Ever since I can remember I have always been fond of describing what I see through writing.
Sketching at first almost seemed alien because we have keyboards and the alphabet, which we use every day to communicate, so why bother with drawing? It seemed that I had to learn some tricks of how we see in order to be able to translate this on to paper in this other format that I'm not familiar with.
For so long drawing was a form of communication for a creative person, and for me, it seemed that drawing was almost like a secret society, that I simply did not get. I was completely wrong about this, drawing becomes a key for those who have yet to find the doors of the words others have written to explain something. And that is when I realised it didn’t have to be so bizarre because there weren’t any real rules I had to follow unless I wanted to. It was at this point that I realised writing was the same. There were rules, if you followed them it would be easier for others to understand but if you didn’t, that wasn’t a problem either.
So why do we write essays when we can simply draw our ideas and our research?
Writing forces is different because we are doing what we usually do, speaking. Speaking on paper, I’d like to think. When you are spoken to, you are given pieces to someone else’s puzzle, and you try to build this image of what it is that they have created with their words.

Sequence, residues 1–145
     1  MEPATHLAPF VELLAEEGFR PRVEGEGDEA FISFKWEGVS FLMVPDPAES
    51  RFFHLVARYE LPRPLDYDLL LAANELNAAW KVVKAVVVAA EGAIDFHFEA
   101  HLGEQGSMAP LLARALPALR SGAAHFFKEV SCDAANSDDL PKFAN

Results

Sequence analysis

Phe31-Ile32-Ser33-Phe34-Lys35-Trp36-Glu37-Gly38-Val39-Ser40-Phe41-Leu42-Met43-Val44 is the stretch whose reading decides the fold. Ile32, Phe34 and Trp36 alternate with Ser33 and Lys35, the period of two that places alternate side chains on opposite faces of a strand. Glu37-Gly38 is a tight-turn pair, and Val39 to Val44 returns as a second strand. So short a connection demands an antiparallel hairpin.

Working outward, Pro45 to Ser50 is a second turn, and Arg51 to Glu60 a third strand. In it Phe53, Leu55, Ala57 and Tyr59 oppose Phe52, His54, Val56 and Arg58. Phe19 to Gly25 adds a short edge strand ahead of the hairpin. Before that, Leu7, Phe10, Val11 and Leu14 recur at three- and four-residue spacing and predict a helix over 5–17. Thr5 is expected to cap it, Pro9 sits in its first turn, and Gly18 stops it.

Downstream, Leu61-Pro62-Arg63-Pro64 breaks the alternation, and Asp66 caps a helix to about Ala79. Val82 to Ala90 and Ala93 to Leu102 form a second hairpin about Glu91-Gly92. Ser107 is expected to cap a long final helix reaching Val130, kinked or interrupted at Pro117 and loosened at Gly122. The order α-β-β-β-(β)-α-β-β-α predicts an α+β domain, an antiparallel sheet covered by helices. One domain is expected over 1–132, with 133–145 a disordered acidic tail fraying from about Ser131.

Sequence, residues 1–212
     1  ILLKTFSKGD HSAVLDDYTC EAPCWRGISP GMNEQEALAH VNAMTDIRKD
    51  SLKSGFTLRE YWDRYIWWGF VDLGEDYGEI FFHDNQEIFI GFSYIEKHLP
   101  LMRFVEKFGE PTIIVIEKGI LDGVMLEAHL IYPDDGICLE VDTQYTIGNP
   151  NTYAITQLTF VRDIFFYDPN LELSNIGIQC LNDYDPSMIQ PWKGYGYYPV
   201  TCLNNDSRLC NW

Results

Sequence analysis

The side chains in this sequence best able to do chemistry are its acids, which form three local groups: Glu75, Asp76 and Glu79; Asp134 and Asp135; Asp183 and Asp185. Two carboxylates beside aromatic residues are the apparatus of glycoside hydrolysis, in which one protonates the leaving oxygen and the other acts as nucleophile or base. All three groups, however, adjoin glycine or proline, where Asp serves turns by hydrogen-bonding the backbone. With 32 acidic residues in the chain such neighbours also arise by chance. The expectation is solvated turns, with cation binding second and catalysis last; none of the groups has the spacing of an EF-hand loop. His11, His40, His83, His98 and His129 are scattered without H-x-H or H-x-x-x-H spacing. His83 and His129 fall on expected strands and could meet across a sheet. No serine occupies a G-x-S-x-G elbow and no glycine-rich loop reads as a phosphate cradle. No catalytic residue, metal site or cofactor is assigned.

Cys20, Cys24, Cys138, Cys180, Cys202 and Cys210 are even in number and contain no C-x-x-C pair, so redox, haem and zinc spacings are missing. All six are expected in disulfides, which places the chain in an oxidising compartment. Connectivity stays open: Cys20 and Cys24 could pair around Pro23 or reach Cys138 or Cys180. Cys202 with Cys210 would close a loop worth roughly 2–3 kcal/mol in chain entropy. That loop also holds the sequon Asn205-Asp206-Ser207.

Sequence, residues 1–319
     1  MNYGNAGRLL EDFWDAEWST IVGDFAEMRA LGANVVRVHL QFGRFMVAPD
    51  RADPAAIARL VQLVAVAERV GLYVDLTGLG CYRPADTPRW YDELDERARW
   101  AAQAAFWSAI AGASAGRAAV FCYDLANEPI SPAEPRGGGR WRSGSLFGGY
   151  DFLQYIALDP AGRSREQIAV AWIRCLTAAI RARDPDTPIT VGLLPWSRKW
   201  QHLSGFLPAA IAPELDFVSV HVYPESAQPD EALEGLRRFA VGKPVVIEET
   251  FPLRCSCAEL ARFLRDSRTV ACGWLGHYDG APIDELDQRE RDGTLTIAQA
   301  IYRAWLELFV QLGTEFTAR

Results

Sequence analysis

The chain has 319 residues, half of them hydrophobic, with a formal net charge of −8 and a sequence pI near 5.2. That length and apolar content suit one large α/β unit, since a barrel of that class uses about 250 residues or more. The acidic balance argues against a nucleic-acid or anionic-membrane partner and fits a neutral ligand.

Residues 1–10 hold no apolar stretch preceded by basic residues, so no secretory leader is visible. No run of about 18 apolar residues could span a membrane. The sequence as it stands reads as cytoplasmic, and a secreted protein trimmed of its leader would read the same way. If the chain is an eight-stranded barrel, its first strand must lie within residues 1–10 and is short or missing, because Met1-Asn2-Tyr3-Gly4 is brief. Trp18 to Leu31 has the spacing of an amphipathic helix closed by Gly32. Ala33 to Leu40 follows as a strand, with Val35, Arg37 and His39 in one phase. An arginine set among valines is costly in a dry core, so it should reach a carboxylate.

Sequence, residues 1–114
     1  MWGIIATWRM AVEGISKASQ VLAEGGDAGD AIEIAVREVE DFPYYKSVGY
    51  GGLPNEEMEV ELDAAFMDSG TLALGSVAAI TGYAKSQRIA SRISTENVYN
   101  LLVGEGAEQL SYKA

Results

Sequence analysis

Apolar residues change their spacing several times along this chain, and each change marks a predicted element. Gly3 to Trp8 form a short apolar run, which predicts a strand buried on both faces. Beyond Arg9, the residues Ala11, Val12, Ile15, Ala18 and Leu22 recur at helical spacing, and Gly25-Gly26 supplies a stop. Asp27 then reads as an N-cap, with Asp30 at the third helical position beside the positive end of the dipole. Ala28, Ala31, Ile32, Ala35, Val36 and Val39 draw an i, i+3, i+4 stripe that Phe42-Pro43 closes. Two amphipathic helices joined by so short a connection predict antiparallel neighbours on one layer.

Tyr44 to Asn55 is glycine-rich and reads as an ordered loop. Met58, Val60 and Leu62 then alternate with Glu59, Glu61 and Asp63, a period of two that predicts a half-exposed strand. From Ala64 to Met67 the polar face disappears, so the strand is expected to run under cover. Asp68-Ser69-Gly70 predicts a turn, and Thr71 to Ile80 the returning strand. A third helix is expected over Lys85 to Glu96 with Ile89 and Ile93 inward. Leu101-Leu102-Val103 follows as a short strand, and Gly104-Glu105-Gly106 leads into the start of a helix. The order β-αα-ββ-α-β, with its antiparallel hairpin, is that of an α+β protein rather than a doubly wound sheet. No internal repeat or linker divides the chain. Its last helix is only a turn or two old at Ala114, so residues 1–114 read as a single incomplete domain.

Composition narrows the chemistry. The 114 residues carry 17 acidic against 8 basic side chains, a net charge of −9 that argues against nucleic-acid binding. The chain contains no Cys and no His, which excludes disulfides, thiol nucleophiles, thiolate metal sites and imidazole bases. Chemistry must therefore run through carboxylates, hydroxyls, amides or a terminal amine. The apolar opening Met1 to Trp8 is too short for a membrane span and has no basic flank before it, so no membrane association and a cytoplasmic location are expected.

Essays teach us about structure, we learn about this in the same we that we must learn how to walk properly before we can run. We can only build a puzzle if all the different pieces fit correctly, and that is why it is important for us to understand how to write, just as much as doing the act of writing. So maybe essays teach us more about structure than we assume.
Admittedly, it teaches us more than I had first thought. So to those who question the idea that we architecture students have to write essays, it is an essential part of expression, one that if we learn to master as we grow. It will give us clarity in the expression of visualisations that we do while drawing. If you asked me if there was a link to writing and architecture I would have found nothing to say of it but after these three years I learned that writing is a skill that simply enhances all the other skills and abilities you already have.
So yes, architecture students write essays and by far seeing what my peers research and develop, it is just as beautiful to read as it is to see a well developed drawing.